Visitors to Fallston High School, as well as the students and staff who are there every day, are being treated to the sight of a student-designed and fabricated mosaic installed at the entrance to the school's main office.
The mosaic, which was dedicated Dec. 2, stretches 45 feet across the top of the office entrance. A centerpiece is mounted directly below it, depicting two hands holding a seedling with the sun rising over the earth in the background.
About 100 art students designed and built the mosaic, with guidance from Fallston art educator Andrea Sauer and resident artists Sue Stockman and Bobby Malone of St. Michaels.
"This was the most personal, collaborative project that we've ever done, and we learned so much about each other," senior Lilly Smith, one of the students involved in the project, said.
Sauer obtained grant funds from Target and the Maryland State Arts Council to cover the cost of the project.
The previous school year, 2012-2013 was Sauer's first at Fallston. Her students worked with resident artist Kevin Reese of Washington, D.C., to design and build three large mobiles that were installed at the entrance to the school library this past March.
She said last week that she plans to hold two projects with resident artists each school year and is working to write five to six grant applications each year to obtain funding for them.
Having the students create projects that could be in the school long after they have left helps them take pride in their school environment, Sauer said.
"If they feel like the [school] space is friendly and welcoming and they've created something and they're vested in it, then that's important," she explained.
"It just makes you feel good to know you has a part in that," sophomore Alexa Horney, another of the students involved in the project, said.
Junior Kyle Hufham, who also worked on the mosaic, described it as something that makes the school environment more enjoyable.
"School is not always the happiest place," Kyle explained. "It's not like everyone wants to be here, but when you've helped create a piece of art it's like a piece of you is here."
Lilly Smith, along with junior Natasha Charitonuk, worked on the previous mobile project.
Natasha noted that "a little bit of everything" was used to make the mosaic.
It was designed to promote environmental stewardship, and was made from recycled materials such as discarded tiles, mirrors and broken mugs and plates.
"It really showed, not only the importance of environmental stewardship, but the picture itself was made out of recycled materials, and so it really shows the message," junior Julia Miller, another participant, said.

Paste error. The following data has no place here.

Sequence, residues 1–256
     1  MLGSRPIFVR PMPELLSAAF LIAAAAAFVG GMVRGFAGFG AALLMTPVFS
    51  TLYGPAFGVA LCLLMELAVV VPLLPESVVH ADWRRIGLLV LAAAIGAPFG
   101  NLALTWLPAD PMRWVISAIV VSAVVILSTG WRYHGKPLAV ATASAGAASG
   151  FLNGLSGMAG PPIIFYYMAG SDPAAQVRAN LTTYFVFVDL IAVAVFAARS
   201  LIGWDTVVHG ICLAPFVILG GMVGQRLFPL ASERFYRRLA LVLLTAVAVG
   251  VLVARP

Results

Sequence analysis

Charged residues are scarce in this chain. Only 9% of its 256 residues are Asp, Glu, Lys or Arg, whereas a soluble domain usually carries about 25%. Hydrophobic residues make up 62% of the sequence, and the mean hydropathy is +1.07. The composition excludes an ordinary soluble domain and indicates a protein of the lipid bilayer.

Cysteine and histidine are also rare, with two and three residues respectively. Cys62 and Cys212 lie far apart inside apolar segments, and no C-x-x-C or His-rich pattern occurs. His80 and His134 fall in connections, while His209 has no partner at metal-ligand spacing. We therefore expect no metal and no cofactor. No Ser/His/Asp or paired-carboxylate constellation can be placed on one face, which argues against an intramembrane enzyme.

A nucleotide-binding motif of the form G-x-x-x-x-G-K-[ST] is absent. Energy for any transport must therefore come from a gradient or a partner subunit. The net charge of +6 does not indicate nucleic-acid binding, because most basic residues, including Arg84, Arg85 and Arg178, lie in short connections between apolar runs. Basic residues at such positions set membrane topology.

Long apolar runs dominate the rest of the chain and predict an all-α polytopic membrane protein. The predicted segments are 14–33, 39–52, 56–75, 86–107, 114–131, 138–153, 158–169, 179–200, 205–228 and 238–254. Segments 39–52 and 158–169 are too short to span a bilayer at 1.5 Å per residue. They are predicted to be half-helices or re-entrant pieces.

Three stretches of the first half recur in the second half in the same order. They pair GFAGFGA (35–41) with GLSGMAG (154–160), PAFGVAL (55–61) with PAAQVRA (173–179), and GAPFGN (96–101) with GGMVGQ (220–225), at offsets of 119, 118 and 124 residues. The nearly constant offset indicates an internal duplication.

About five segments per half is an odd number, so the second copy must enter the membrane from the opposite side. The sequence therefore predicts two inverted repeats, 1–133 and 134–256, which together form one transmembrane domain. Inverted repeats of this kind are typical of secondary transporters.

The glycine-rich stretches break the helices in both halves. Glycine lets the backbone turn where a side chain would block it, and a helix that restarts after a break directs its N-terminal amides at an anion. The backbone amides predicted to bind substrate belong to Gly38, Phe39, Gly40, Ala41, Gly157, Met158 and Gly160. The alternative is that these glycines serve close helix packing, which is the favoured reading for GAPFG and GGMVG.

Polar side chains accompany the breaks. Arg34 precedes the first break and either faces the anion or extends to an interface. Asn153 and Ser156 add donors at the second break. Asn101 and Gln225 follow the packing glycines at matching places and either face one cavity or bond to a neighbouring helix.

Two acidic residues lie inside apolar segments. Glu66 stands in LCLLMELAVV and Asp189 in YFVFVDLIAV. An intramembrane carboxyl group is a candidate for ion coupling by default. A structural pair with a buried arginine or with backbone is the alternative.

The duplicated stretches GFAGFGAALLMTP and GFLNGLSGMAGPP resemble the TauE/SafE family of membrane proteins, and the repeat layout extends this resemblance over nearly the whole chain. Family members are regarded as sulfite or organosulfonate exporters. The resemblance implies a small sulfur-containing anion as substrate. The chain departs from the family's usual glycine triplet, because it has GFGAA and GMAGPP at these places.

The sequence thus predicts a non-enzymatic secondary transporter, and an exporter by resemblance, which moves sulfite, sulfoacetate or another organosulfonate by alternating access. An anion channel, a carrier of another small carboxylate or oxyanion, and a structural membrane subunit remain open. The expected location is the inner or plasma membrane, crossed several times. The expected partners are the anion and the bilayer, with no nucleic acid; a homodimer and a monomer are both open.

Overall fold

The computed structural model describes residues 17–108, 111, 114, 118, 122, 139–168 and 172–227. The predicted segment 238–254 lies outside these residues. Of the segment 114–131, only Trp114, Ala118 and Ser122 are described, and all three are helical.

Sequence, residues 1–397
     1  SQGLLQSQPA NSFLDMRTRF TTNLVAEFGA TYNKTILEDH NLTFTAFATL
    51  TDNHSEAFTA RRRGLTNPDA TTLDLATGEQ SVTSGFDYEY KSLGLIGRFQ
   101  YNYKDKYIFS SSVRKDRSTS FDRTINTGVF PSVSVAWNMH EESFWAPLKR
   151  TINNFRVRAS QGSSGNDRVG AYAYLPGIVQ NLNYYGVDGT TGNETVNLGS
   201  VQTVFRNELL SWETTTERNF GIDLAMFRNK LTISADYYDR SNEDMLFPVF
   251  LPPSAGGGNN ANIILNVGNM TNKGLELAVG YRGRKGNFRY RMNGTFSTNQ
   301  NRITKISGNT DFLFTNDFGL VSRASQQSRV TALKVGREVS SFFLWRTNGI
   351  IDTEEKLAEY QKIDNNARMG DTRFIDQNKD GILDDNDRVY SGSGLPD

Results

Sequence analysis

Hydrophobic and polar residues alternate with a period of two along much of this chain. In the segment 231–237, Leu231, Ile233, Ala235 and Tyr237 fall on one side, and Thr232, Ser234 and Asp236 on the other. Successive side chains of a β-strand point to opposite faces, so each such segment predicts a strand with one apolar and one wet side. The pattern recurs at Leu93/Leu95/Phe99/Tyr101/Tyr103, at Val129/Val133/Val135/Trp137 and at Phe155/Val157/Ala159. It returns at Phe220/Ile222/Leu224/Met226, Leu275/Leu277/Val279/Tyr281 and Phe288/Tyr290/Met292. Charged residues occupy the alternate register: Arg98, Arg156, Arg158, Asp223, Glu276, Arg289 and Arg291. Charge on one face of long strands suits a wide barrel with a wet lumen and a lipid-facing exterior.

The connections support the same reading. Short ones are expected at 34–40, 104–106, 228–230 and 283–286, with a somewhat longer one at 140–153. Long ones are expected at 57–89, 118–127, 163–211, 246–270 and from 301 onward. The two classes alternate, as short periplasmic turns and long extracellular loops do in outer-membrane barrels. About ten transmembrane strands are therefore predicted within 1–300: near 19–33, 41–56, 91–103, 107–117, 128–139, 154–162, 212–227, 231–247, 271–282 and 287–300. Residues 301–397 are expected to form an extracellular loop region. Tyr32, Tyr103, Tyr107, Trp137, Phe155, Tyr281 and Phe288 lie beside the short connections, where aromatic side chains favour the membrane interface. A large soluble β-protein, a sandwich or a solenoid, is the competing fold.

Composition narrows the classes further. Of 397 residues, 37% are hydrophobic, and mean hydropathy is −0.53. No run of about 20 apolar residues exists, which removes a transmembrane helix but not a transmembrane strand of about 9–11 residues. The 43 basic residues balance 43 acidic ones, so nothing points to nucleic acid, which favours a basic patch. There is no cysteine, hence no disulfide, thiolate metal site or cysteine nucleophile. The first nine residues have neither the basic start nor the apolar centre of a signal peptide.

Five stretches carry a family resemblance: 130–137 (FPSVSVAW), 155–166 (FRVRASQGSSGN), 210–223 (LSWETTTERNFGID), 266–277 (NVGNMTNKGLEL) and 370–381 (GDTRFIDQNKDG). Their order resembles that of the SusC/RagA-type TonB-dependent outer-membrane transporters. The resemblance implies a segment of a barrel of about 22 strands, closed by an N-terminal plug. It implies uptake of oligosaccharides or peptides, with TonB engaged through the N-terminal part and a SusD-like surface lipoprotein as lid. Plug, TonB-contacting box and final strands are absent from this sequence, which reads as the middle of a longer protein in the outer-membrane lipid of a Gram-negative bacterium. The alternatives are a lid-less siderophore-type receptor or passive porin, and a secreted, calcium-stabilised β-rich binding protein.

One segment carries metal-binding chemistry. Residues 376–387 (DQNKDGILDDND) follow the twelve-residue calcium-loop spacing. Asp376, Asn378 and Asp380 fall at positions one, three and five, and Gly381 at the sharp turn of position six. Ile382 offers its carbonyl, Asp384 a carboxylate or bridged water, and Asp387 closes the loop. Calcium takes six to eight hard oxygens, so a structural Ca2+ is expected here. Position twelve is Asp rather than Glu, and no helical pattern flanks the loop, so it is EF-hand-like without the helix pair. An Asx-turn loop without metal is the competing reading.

Lilly said aspects of the mosaic which ended up in the final product, such as the rays of the sun, changing seasons and the hands holding the seedling showed up "again and again" in early student sketches.
"It was neat to be able to design it and see it through from the very, very beginning to the very end," she said.
Sophomore Jenna Sarandos also stressed the mosaic's message of caring for the environment.
"That's what the hands holding the tree represented," she said.
The students worked with Stockman, who creates jewelry, mosaics and murals, and Malzone, a woodworker, on about eight occasions from early November to the week of Thanksgiving.
"They got to know the students in eight days incredibly well," Sauer said.
Malzone and Stockman have worked with schools on similar artist-in-residence-projects on the Eastern and Western Shore.
"They're were just very welcoming the first day," Julia said.
She said the artists had the students give an "emotional check-in" at the beginning of each session so they could talk about what they were feeling, and fellow students could provide support if anyone was not feeling well.
"They were really awesome to work with," Julia recalled. "I could tell they really cared and they were really passionate about what they did."
She said Malzone and Stockman invited her to visit them in St. Michaels to see some of their other projects.
Sauer noted that working with Malzone and Stockman showed the students that art can be a "viable career choice."
Nearly all of the six students who spoke with a reporter last week raised their hands when asked if they wanted to pursue art as a career.
The students also took time to thank Sauer for her impact as a teacher, and lamented how she has taken on more students as schools have cut back teaching positions in light of the school system's current budget struggle.
Lilly said she attended a public hearing late last month on the county budget, hosted by County Executive David Craig.
That hearing, which was held in the Fallston High auditorium, lasted for about four hours, as teachers and school system leaders implored Craig to "fully fund" Harford County Public Schools budget request in the upcoming fiscal year. About 250 people attended.
"It was incredible, the number of people that were here," she remarked. "I have never seen that many teachers in one place in my entire life."
Julia said she did not think teachers receive "enough appreciation for what they do," and she called Sauer "the most understanding teacher that I've had."
"I'm really thankful that she gave us this opportunity," Julia said of the mosaic project.